A radical shift is needed in how we value our oceans



Film director James Cameron's recent solo descent into the world's deepest ocean trench may well have been a dive into history. Along with collecting rock samples and video, his journey into the abyss shone a light on the world's oceans and ocean science and research.

Seventy percent of the planet is covered in vast oceans, generating more than 50 percent of the oxygen we breathe and helping to cushion the blow of climate change by absorbing carbon emissions and much of the heat added to the global system.

But a new study from the Stockholm Environment Institute says while the sheer size of our oceans have led most people to believe them to be unassailable, this is far from the truth according to the study 'Valuing the Ocean Environment: Economic perspectives.'

Rather than being 'too big to fail', the report's authors say 'the ocean is not immune to the destructive capacity of anthropogenic climate change and, more broadly, global environmental change. Its capacities are being stretched and some of the vital services it provides to humankind are seriously degraded.'

The study says the true worth of oceans' services and ecosystems, including food security, storm protection and carbon absorption are not being factored into our policy frameworks.

The report says these can and should be assigned monetary values which can then be integrated and prioritised within the broader picture of global social, environmental and economic policy and accounted for in future planning.

With many countries facing difficult economic times, the importance of ocean protection has dropped on the political agenda.  The report authors argue that on the contrary, a radical shift in the way we view and value oceans are needed.

So too there is a poor understanding of the interaction and overlapping of ocean ecosystems and how they impact coastal communities and economies.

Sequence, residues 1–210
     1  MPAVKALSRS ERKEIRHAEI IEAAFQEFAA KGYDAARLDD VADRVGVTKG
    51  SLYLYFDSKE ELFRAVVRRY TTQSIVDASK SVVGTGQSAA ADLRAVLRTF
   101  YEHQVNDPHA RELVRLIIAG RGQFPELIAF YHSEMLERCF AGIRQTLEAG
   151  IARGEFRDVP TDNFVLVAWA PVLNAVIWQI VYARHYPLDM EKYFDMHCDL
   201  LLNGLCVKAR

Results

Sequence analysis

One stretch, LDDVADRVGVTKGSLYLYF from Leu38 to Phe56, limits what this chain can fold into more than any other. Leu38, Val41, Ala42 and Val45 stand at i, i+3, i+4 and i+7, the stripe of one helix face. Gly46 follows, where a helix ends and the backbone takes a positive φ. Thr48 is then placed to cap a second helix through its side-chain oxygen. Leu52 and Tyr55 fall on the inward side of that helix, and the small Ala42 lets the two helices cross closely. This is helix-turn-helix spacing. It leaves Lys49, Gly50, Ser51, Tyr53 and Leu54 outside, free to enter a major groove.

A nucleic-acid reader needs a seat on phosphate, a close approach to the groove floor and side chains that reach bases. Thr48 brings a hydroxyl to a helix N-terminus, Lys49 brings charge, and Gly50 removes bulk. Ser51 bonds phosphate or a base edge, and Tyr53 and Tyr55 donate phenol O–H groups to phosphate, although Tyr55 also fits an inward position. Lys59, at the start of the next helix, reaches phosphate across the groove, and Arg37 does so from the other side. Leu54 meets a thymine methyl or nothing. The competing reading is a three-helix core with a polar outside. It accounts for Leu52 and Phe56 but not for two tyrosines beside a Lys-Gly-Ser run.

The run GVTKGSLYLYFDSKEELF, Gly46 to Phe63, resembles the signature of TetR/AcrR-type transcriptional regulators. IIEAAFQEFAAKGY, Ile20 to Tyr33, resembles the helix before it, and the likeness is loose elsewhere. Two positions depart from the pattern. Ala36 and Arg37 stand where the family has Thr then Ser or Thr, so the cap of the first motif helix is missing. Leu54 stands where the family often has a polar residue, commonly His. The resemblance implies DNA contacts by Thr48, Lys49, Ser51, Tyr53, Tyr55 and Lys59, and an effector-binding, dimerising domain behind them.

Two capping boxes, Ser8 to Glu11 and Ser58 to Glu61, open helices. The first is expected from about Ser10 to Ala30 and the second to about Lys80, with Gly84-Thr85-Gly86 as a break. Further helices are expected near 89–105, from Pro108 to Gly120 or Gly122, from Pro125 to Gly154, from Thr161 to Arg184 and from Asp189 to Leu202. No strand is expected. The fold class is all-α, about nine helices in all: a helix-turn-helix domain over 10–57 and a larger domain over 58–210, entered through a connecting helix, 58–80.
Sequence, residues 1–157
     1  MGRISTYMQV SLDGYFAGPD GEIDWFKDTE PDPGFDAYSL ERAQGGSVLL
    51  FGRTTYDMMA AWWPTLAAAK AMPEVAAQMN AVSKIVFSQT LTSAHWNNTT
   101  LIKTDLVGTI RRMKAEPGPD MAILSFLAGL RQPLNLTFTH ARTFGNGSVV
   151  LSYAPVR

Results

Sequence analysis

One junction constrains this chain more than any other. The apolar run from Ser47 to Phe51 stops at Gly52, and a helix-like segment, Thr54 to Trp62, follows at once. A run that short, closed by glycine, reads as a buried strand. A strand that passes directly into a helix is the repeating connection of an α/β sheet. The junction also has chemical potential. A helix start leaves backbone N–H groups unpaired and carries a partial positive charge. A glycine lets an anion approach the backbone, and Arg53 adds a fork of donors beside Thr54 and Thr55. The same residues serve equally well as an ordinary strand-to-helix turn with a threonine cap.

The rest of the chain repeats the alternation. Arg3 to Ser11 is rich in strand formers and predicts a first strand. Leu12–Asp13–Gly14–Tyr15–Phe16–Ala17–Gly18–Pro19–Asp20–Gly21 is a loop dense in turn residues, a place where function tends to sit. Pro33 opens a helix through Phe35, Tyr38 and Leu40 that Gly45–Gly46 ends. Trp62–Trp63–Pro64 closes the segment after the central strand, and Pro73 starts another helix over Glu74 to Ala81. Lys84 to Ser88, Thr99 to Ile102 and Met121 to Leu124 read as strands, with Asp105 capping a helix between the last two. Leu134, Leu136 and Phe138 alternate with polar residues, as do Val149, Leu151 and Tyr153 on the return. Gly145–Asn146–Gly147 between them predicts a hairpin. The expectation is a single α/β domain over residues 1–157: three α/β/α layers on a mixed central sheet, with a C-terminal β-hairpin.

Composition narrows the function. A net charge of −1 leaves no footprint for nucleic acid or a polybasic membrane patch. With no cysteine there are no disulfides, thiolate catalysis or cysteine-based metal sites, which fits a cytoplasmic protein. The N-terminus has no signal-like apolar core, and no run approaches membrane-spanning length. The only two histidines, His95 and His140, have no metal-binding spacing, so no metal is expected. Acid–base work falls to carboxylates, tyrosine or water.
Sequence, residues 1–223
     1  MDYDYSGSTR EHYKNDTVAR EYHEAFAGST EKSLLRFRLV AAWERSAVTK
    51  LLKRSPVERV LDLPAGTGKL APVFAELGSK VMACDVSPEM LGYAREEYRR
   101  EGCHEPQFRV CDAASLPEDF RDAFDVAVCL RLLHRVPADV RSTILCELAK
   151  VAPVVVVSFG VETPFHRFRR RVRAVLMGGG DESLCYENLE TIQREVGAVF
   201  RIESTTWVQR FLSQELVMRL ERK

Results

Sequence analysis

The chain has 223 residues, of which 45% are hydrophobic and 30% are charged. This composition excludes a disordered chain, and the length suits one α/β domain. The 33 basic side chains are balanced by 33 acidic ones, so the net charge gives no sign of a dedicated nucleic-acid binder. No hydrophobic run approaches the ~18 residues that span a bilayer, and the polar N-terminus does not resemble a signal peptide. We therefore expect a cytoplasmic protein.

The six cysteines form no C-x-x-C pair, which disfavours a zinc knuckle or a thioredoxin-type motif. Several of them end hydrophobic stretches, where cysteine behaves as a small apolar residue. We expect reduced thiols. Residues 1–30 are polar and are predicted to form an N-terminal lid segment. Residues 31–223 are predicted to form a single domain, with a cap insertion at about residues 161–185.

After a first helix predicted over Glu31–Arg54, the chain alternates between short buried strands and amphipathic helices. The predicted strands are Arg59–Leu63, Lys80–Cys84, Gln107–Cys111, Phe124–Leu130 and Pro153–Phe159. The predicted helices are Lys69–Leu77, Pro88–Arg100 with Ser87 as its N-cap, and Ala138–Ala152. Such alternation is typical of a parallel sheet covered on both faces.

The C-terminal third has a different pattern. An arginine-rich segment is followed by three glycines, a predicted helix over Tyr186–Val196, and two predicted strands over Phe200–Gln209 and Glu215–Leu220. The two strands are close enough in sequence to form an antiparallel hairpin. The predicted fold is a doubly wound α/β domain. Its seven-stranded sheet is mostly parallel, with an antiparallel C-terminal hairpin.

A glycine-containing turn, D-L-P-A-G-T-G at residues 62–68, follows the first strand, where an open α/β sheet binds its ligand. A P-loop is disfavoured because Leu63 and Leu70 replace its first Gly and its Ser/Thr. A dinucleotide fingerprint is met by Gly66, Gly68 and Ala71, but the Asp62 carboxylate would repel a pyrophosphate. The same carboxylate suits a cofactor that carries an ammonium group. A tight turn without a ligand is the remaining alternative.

The study fits together all the pieces in a chapter that examines the multiple stressors and their policy implications. The report then puts a monetary value on the avoidable portion of future global environmental change in the marine domain.

The avoidable portion is described as 'the distance between our hopes and our fears. Our hopes are represented by a 'low emissions, low climate impacts' future, our fears by a 'high emissions, high climate impacts' future'.

Impacts are estimated for five areas of the ocean that are suffering damage that can be meaningfully priced, and as the report notes, the cost of inaction is high.

'By 2050, the value of these important climate impacts is estimated to be more than four times higher under a high emissions, high impact scenario. By 2100, the cost of damage if we follow the high emission pathway rises to US$ 1,980 billion, equivalent to 0.37 percent of global GDP,' says the report.

The difference between the two scenarios, or the amount that can be saved by lowering emissions, is US$ 1,367 billion; that is more than a trillion dollars per year by 2100, equivalent to 0.25 percent of GDP.

That trillion dollar amount is what the report authors say policy makers should take particular note. As decisions are being made now, government's should take into account oceanic impacts, which in the long term could mean massive savings - or if ignored, 'yet another cost of inaction'.

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